I honestly do not understand the issue with restricting M rated games to adults. I was at a movie theatre when a family which included two toddlers were trying to get into the Hannibal Lecter movie. The manager had to say "No, we wont let them in there." I think that was the right decision because being a teacher that commutes on public transportation has literally made me a PhD in all the ways people can be really really whack parents. The other thing that bothers me which is unrelated to the above point is that we currently are in a war wherein US 'soldiers' for lack of a better word sit at desks and send unarmed drone missiles to foreign lands and decimate whole villages. No fuss, no muss, no moral dilemma, just FPS like maneuvering and copious kill shots. The army recruits by creating FPSes for consoles and setting up laser tag like amusements in arcades to further desensitize young men (and women) to all the real life killing their doing when they play real life FPS with those unmanned drones. I just don't think it's unreasonable to make retailers take responsibility for their business practices. If they can't sell cigs and booze to minors then M rated video games shouldn't be a problem.
I like what Adam had to say. It reminds me of wathcing a TV show with Twisted Sisters front man Dee Snider that went to Capital hill to defend him self and Rock music in general from all people Tipper Gore. I disagree with you Svederik I think that Violence is an everyday part of life and while some degree of cenoership maybe needed like kids under the age of 18 can't play those games with out parents permission but I don't think that the goverment needs to get involved I think that it is the parents job not our goverment. For me Video Games are an outlet when I get home from work and had a bad day and the wife is complaing about money turn on a COD 4 kill some people and I feel better I have less stress and there is nothing wrong with that. 20 years ago a person in my place would maybe go out to a bar and do a "little" drinking or someother act that may be dangerous for others. Now I'm starting to ramble so I will shut up now BYE BYE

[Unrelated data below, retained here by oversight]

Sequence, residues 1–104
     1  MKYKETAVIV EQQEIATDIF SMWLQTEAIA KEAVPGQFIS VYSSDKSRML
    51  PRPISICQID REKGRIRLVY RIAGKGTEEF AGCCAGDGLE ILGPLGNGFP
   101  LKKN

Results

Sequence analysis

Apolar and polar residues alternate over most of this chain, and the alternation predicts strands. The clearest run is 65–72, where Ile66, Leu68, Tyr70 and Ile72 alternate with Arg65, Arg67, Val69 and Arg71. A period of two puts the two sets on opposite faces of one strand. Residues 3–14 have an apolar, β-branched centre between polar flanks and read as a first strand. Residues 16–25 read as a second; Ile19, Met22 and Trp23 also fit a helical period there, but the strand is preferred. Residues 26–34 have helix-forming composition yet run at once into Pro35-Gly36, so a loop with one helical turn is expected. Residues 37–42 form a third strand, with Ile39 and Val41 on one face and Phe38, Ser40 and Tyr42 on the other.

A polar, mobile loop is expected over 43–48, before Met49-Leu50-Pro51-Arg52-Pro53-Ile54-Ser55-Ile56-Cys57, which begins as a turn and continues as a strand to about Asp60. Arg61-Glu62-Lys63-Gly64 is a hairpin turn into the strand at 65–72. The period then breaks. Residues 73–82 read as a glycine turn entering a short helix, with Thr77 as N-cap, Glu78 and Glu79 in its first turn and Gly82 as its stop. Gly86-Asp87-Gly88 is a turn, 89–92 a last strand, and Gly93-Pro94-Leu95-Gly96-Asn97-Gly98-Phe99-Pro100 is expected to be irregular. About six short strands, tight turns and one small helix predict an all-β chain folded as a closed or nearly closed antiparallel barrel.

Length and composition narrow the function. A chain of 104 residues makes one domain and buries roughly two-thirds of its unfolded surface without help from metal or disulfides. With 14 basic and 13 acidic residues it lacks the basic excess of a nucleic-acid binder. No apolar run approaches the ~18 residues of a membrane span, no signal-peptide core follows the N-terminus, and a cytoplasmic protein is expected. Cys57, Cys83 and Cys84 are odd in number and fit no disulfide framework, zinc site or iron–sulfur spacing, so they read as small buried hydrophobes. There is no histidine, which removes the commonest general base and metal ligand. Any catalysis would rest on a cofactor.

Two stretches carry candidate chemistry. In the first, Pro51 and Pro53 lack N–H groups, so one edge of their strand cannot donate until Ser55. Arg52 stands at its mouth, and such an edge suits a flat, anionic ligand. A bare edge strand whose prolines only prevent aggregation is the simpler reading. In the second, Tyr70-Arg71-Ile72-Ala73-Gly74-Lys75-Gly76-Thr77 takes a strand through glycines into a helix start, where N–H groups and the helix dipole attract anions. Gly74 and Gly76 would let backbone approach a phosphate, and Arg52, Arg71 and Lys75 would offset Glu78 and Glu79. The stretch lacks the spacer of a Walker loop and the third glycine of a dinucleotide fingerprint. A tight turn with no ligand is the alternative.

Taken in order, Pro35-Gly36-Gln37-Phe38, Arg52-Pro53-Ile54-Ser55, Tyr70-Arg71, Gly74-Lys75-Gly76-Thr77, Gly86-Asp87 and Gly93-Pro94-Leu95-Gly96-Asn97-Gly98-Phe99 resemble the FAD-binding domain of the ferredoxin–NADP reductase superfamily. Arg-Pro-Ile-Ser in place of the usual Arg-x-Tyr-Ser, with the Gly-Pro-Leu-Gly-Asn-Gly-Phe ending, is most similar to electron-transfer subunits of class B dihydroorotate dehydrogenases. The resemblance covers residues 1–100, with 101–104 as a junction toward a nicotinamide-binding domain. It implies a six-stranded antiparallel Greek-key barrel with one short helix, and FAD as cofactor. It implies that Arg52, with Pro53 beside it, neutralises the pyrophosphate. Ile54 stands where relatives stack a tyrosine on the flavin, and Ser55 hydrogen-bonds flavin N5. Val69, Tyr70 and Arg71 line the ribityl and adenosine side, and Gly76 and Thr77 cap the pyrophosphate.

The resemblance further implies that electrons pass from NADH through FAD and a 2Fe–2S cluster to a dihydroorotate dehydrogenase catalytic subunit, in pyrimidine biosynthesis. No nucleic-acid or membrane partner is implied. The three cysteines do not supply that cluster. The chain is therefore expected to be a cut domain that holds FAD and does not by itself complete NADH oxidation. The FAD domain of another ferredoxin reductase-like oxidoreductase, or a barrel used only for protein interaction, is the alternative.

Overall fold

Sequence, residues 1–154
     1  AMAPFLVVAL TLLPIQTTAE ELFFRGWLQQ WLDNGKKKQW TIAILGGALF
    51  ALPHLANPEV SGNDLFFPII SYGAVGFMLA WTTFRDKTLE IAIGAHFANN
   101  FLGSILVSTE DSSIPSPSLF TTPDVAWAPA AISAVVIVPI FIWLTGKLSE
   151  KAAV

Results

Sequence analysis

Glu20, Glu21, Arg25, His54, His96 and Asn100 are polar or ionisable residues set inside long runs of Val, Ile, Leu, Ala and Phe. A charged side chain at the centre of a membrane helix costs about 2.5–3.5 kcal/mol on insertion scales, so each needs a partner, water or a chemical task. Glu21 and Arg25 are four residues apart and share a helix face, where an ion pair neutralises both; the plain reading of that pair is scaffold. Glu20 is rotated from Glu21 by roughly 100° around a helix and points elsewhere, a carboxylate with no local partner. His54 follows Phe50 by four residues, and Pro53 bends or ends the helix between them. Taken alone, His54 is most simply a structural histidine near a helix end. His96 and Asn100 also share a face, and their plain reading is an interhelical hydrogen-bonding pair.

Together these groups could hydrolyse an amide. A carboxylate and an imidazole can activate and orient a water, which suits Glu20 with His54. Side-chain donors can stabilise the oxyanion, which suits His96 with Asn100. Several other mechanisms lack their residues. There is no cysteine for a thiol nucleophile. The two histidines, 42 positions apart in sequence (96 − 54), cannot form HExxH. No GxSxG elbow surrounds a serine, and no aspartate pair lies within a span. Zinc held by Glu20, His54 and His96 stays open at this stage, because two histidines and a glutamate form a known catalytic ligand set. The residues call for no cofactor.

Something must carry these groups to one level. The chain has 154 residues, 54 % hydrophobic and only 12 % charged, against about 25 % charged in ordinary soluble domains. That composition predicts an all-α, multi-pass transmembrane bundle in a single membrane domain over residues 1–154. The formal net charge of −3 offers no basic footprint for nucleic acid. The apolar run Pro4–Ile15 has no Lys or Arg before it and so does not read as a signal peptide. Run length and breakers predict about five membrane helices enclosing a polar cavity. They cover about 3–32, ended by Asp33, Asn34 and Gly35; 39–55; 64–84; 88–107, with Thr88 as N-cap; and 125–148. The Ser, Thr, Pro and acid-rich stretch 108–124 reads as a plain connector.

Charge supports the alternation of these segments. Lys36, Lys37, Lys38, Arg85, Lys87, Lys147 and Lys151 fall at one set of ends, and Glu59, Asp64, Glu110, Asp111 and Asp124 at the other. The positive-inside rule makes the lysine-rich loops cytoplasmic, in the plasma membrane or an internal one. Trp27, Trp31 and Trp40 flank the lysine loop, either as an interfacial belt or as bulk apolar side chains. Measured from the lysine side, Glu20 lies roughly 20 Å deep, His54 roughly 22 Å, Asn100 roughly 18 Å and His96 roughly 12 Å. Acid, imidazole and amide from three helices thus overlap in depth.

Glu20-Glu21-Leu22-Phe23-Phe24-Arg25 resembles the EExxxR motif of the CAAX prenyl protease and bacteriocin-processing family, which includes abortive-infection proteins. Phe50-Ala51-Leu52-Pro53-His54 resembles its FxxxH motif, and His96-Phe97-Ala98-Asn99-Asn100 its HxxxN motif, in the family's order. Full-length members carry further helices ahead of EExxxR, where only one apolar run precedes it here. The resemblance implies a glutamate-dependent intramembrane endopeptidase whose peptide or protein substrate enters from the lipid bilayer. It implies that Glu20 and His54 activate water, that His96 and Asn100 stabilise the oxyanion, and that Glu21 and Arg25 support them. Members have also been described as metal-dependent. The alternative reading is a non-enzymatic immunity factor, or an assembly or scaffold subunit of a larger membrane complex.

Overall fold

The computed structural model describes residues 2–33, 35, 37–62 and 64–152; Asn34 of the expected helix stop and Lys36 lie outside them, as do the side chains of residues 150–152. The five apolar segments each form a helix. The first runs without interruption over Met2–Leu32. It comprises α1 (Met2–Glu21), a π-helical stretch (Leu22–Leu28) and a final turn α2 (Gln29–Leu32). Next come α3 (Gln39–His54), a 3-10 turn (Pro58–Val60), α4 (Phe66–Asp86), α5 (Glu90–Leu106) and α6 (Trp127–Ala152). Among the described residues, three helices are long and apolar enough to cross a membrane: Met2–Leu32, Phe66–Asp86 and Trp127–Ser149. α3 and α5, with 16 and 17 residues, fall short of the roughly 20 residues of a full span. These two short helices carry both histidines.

wait woah, now i dont have to show an id to buy M rated games?
Good thoughts Adam,I believe that censorship has come a long way, especially with the innovation with the ESRB and other rating systems. However, that's not to say that retailers are still selling M rated games to minors, whether it be directly to them or through adults purchasing games for minors. I don't necessarily agree with you about the "language" ordeal. What is not to get about a character getting chainsawed into tiny bits? I believe that video games can be so much more if they would pursue something other than another violent game. Video games are a medium that can do a lot, i.e. something other that gun play.While I'm all for freedom of Speech, I do believe that some censorship should be in order. If some people in the industries of mass entertainment would check themselves and think whether or not their product is worth taking a look at and whether or not it has some mirth to it rather than just releasing another shooter or slasher movie.I really enjoy listening to the Soapbox, and you bring up some good points. Apologies for rambling, but my point is that the industry should try to be more creative with their works and check their heads every once in a while.
cool. always fun to watch.